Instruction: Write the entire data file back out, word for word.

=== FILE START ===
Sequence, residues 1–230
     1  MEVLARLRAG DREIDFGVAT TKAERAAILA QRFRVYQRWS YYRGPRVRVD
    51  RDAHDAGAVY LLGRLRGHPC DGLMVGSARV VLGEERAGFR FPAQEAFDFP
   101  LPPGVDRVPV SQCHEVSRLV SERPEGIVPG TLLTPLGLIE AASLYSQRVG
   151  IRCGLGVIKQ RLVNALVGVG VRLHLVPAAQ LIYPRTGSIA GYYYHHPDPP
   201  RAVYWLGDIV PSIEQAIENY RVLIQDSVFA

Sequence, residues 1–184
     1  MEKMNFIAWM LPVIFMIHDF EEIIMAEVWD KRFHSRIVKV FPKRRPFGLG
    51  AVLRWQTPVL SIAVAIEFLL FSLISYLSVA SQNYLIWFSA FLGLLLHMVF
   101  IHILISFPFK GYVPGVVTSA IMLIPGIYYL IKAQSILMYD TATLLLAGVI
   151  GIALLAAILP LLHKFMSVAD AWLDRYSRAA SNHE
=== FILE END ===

Sequence, residues 1–230
     1  MEVLARLRAG DREIDFGVAT TKAERAAILA QRFRVYQRWS YYRGPRVRVD
    51  RDAHDAGAVY LLGRLRGHPC DGLMVGSARV VLGEERAGFR FPAQEAFDFP
   101  LPPGVDRVPV SQCHEVSRLV SERPEGIVPG TLLTPLGLIE AASLYSQRVG
   151  IRCGLGVIKQ RLVNALVGVG VRLHLVPAAQ LIYPRTGSIA GYYYHHPDPP
   201  RAVYWLGDIV PSIEQAIENY RVLIQDSVFA

Sequence, residues 1–184
     1  MEKMNFIAWM LPVIFMIHDF EEIIMAEVWD KRFHSRIVKV FPKRRPFGLG
    51  AVLRWQTPVL SIAVAIEFLL FSLISYLSVA SQNYLIWFSA FLGLLLHMVF
   101  IHILISFPFK GYVPGVVTSA IMLIPGIYYL IKAQSILMYD TATLLLAGVI
   151  GIALLAAILP LLHKFMSVAD AWLDRYSRAA SNHE